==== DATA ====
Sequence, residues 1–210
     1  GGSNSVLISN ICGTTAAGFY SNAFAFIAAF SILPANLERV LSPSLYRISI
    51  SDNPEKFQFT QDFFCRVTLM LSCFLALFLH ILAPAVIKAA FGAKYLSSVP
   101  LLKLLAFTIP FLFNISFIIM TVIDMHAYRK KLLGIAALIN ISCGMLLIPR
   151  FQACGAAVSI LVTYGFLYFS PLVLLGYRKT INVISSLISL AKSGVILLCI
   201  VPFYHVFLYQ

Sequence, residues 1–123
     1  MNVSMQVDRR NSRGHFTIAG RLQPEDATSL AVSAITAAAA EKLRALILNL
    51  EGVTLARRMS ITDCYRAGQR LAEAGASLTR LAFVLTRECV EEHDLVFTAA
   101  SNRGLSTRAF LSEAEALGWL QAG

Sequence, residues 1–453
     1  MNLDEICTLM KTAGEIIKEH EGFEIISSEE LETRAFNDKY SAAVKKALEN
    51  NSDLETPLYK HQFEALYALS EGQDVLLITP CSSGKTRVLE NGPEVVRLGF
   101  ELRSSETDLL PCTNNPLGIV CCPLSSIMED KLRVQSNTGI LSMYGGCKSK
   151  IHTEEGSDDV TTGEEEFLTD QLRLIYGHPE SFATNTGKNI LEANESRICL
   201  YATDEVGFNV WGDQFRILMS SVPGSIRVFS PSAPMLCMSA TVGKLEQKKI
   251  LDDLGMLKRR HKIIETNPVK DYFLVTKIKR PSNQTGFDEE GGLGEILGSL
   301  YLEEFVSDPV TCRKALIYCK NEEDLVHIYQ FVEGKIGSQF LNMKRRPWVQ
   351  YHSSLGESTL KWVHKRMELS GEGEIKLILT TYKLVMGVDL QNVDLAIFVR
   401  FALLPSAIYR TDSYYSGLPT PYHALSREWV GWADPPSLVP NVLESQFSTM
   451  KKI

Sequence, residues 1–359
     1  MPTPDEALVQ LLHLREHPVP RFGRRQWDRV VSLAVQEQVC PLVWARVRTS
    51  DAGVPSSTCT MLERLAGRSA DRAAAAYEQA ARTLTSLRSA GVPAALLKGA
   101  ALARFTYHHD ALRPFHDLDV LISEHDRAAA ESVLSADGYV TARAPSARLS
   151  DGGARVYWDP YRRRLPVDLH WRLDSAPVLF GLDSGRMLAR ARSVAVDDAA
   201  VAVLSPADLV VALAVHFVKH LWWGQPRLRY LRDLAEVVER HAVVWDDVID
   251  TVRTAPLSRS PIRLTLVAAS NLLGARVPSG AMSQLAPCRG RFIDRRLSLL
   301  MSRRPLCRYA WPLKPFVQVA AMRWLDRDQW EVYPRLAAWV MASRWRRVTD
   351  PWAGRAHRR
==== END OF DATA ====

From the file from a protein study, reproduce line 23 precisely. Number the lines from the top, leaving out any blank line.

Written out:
     1  MPTPDEALVQ LLHLREHPVP RFGRRQWDRV VSLAVQEQVC PLVWARVRTS